BALTIMORE — On Thursday, a Baltimore City Grand Jury returned a 2-count indictment against Baltimore Police Department (BPD) Officer Charles Baugher for offenses that occurred on June 6, 2019 in Baltimore, which included one count of second degree assault and one count of misconduct in office.
Baugher faces up to up to 10 years in prison for the assault charge and there is no statutory penalty for the misconduct charge, which is classified as a misdemeanor.
While Officer Baugher is assumed innocent unless and until proven guilty, the indictment alleges that on June 6, 2019, at 6:20 p.m., Officer Baugher arrived to the unit block of North Kresson Street to assist other BPD members with an investigation and arrest of Corey Dyson.
When Officer Baugher arrived at the North Kresson Street location, Tyquwon Phillips, a 17-year-old juvenile at the time, was on the sidewalk using his cell phone to record Dyson's arrest. BPD Detective Demetri Bezzek stood near Phillips and maintained control of the scene.
At approximately 4:35 p.m., Officer Baugher attempted to place Phillips under arrest at the direction of BPD Sgt. Jason Hines. When Officer Baugher attempted to take Phillips into custody, he made harmful, offensive and unwanted contact with Phillips, without legal justification, when he lunged at Phillips and used his hands to grab him around his neck, then forcefully shoved him against a wall. Officer Baugher then, while choking Phillips, forcefully slammed him to the ground.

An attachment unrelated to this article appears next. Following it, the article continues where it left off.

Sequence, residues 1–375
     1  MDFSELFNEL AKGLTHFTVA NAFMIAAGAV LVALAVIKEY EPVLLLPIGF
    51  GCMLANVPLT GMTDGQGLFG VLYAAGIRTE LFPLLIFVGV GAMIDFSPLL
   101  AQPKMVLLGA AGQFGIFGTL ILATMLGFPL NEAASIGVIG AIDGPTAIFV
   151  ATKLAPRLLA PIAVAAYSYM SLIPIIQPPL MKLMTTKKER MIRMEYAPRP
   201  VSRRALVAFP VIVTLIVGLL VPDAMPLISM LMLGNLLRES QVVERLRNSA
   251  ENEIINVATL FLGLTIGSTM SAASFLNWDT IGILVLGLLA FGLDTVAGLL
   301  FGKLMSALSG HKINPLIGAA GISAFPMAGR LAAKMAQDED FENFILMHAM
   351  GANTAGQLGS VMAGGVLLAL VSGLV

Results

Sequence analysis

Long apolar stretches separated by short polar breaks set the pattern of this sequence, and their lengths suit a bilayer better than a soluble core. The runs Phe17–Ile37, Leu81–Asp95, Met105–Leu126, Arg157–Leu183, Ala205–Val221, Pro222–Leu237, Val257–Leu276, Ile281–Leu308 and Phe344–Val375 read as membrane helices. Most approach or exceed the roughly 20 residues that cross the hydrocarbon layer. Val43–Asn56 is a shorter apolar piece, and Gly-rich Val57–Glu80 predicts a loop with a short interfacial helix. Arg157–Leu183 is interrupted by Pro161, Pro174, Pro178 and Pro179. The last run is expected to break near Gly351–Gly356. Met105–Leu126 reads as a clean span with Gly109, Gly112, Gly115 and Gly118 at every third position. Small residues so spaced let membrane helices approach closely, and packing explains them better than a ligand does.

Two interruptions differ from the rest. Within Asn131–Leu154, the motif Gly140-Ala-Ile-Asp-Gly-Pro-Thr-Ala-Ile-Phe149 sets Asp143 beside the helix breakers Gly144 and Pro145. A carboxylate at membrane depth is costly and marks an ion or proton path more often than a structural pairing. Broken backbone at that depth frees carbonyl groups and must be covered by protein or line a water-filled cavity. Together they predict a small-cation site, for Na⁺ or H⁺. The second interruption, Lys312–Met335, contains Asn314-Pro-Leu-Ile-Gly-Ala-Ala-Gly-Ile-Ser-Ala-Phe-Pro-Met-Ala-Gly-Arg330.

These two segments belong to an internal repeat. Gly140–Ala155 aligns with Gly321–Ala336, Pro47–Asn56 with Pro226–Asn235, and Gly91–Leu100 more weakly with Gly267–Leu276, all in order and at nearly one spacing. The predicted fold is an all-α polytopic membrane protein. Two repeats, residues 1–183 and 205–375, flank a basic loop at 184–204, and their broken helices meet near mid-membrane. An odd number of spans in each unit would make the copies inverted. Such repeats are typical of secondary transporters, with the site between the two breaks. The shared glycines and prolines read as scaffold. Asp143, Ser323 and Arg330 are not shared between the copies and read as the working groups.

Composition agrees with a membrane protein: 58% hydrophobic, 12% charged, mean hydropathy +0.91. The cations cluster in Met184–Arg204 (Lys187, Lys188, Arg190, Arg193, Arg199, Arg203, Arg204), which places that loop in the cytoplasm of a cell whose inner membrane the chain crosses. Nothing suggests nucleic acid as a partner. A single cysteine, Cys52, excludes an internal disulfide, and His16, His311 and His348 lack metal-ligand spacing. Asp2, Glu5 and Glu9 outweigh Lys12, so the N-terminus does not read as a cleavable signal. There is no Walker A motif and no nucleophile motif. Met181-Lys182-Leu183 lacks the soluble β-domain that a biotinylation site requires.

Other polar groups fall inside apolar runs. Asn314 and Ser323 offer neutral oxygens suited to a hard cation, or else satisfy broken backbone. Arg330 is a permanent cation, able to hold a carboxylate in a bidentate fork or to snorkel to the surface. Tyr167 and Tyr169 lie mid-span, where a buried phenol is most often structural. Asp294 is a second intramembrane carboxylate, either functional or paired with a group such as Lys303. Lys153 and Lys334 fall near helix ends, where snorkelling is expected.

While he attempted to take Phillips into custody, he both ignored and violated BPD policies regarding arrests and use of force.
At all times relevant, Officer Baugher was a sworn public officer, acting under color of his office. The physical assault was not accidental, consented to, nor legally justified.
“My office remains steadfast in our commitment to uphold one standard of justice regardless of race, religion, or occupation," said State’s Attorney Marilyn Mosby.
Baltimore City Mayor Brandon Scott send out the following statement on this indictment late Friday night.
“Today, the State’s Attorney’s Office brought charges against a police detective who choked and physically assaulted a 17-year-old teenager who was filming an arrest in June 2019.
Incidents like this one not only undermine our efforts to build trust between police officers and our community, they do not make our neighborhoods safer. This is unacceptable behavior for someone sworn to protect and serve. It is also a fundamental abuse of power. I have spoken with Commissioner Harrison who has assured me that the ongoing internal investigation into this matter will be thorough and handled expeditiously.
While I commend BPD on the progress they have made toward becoming a more constitutionally operating police force as part of the consent decree process, this incident is a stark reminder of the work we have yet to do. We can and we must work to reduce crime in our city without returning to the unacceptable practices of the past that didn’t reduce crime, but broke trust between BPD and our communities. We must strive for nothing less than transparency, accountability and public trust as we work to build a safer city.”
In addition to Mayor Scott, Baltimore Police Commissioner Michael Harrison also sent out a statement.
“I have been made aware of this incident and this is exactly the type of conduct that we are working to correct to ensure we are delivering constitutional policing and improving relationships with our community. We opened an internal investigation as soon as we became aware of this incident and the officer’s police powers were suspended. The internal investigation continues.”